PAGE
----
Jeremy Corbyn has won the right to personally contest a legal bid aimed at taking his name off the Labour leadership ballot.
Labour donor Michael Foster had launched a High Court challenge against the party's decision to automatically include Mr Corbyn in the upcoming leadership election.
That decision had been agreed by Labour's National Executive Committee after conflicting legal advice suggesting that Mr Corbyn should be both included and not included.
Other candidates in the election will have to seek nominations from MPs and MEPs in order to appear on the ballot paper. Mr Corbyn's limited support in the parliamentary party means this would likely be difficult.
Labour's NEC decided that as an already leader Mr Corbyn would not have to seek nominations in order to stand; the party's rulebook was ambiguous on the subject.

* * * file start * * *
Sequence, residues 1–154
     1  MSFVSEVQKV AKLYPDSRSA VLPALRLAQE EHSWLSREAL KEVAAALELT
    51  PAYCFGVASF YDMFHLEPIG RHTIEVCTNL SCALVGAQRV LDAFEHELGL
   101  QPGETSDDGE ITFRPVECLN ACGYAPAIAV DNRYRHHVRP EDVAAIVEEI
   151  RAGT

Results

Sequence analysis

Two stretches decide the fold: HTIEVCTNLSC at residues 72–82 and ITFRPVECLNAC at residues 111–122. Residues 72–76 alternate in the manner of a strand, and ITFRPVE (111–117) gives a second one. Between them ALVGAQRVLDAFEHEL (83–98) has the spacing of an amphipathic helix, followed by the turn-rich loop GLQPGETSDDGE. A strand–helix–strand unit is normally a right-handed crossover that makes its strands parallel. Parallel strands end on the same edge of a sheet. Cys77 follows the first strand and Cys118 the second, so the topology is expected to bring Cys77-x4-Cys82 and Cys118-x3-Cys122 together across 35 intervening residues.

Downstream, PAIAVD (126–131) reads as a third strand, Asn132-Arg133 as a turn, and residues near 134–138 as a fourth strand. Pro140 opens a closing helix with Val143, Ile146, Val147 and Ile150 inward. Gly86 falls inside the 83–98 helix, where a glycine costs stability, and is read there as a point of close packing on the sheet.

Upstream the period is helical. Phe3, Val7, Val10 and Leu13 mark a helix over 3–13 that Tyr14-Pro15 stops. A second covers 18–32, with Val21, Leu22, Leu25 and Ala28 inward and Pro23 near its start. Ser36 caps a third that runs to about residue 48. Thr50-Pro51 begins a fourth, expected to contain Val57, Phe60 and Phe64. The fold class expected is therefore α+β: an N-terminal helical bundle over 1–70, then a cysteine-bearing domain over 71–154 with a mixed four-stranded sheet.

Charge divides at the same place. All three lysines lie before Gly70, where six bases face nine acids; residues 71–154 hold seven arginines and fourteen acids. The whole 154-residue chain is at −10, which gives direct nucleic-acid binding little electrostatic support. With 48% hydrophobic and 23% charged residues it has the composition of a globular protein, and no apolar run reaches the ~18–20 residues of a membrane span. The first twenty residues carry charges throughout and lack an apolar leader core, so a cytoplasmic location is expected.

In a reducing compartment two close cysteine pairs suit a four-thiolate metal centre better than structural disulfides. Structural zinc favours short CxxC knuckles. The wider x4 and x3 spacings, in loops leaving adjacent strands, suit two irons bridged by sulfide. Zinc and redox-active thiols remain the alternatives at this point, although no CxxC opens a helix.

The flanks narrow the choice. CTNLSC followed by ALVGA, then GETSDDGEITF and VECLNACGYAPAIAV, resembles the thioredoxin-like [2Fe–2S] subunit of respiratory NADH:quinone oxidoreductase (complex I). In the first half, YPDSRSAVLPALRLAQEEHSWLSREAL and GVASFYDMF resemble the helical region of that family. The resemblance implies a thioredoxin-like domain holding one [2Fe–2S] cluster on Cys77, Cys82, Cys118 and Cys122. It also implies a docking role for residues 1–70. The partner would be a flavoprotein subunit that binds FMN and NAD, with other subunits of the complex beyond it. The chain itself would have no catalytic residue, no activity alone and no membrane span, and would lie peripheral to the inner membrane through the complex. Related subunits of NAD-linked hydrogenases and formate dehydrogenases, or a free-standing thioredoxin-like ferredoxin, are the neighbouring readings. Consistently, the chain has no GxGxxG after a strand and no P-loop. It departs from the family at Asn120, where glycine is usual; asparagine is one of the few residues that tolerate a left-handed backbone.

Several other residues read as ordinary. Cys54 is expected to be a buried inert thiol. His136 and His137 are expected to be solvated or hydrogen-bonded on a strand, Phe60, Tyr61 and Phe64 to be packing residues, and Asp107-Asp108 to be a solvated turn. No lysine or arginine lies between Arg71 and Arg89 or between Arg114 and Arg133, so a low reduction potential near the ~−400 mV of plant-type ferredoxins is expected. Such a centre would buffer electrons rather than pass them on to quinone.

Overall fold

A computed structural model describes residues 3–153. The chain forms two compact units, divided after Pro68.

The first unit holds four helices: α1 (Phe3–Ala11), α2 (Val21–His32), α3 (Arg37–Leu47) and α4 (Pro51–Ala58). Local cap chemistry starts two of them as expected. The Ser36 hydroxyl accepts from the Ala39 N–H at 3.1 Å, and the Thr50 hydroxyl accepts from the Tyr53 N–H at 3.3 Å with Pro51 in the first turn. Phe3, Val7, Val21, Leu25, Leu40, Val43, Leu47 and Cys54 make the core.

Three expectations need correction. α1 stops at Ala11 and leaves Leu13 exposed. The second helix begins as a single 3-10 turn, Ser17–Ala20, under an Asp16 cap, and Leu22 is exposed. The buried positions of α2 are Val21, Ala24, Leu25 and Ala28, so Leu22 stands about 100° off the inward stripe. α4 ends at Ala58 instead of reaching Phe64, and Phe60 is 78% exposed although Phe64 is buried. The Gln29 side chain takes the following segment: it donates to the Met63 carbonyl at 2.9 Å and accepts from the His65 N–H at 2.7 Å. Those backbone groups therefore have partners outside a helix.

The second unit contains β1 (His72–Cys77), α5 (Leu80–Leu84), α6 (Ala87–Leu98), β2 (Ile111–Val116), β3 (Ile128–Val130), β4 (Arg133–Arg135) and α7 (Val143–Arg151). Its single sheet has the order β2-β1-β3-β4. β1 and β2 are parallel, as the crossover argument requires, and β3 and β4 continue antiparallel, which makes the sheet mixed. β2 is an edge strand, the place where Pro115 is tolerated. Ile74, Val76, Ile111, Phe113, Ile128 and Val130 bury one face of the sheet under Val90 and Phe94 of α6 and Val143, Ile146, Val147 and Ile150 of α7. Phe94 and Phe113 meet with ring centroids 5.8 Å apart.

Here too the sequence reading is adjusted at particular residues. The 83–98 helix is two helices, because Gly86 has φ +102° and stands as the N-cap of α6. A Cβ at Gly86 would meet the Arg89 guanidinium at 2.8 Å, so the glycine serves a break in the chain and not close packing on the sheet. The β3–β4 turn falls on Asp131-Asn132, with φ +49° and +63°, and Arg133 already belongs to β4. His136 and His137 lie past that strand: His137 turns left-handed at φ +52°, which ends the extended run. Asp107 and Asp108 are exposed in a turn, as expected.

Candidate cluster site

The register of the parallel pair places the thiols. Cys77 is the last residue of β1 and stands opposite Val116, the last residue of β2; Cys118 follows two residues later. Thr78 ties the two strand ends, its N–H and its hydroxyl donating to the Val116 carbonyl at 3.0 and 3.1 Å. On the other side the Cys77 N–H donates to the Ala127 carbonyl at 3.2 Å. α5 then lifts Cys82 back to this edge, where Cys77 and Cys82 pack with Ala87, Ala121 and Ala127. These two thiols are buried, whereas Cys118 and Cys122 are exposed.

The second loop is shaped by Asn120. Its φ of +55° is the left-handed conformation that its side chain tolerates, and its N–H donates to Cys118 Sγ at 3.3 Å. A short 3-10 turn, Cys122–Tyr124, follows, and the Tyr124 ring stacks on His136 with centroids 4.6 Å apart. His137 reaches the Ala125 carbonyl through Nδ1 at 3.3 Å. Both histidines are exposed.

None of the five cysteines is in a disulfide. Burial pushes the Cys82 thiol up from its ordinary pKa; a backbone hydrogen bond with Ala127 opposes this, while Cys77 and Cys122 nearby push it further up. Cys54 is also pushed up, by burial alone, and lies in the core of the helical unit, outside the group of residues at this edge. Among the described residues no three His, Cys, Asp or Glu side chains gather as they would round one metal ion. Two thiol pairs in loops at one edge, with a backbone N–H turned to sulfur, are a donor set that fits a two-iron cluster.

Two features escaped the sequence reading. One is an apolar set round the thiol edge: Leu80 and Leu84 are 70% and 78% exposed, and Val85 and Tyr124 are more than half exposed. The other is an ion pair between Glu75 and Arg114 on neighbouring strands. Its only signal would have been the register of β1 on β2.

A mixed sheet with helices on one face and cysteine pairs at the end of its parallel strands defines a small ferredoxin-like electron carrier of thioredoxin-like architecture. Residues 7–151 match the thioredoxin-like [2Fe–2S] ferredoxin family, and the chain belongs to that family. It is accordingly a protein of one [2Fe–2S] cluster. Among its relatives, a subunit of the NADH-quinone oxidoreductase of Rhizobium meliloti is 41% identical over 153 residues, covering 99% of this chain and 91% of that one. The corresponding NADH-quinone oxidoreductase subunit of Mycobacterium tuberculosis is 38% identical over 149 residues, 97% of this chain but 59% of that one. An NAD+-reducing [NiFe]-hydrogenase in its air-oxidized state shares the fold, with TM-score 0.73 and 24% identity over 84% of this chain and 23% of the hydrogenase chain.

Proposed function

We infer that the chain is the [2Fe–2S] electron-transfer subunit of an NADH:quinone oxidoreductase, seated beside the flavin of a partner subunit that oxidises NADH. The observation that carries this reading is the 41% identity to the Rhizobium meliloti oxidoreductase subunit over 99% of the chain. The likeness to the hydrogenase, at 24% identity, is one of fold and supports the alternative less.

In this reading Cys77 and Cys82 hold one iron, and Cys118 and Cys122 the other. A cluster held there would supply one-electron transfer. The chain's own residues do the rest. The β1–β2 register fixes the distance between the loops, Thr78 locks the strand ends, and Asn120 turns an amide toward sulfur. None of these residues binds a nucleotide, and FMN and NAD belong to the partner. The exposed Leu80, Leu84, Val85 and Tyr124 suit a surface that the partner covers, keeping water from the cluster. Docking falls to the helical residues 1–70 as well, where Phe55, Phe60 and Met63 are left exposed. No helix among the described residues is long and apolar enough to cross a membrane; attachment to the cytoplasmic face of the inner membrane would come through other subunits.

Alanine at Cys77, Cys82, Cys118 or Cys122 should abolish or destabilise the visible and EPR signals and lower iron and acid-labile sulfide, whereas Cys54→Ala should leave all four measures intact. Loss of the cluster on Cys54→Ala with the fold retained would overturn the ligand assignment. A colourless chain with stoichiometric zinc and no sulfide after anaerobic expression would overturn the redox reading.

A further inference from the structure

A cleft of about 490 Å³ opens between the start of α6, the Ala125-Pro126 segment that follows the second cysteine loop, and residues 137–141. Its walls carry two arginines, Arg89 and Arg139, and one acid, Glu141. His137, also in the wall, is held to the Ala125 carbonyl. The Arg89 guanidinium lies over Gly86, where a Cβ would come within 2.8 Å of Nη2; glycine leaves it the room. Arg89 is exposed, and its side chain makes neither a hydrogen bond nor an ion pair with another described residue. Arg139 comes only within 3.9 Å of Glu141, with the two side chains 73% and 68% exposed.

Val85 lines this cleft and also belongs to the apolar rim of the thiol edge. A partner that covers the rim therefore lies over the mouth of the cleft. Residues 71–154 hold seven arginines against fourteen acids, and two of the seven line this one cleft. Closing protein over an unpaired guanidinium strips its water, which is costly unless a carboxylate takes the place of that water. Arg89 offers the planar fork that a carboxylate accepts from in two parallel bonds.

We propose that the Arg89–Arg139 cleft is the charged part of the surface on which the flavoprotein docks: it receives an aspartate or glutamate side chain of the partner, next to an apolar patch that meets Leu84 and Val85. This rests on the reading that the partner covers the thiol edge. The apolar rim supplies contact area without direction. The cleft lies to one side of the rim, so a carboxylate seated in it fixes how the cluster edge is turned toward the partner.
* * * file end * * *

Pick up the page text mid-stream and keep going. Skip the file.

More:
The legal challenge against the decision by Mr Foster had named Labour's general secreatry Iain McNicol as the defendent in the case.
However, Mr Corbyn launched a legal bid to get himself included as a second defendant. That bid has now been successful, with the High Court ruling on Wednesday morning.
His lawyers had argued that his own personal interest in defending the litigation was "pressing and obvious" and that he was not adequately represented in the same way as other Labour members by Mr McNichol.
The case of Mr Foster's challenge is now expected to be heard next week on Tuesday July 26, with Mr Corbyn attending court on that date.
The court decision comes a day after former shadow business secretary Angela Eagle dropped out of the Labour leadership race, leaving Owen Smith and Mr Corbyn as the only candidates.
MPs and activists critical of Mr Corbyn and who want him removed believe a unity candidate would be better able to tackle the leader.
A Times/YouGov poll of Labour members however shows the sitting leader with a significant lead.
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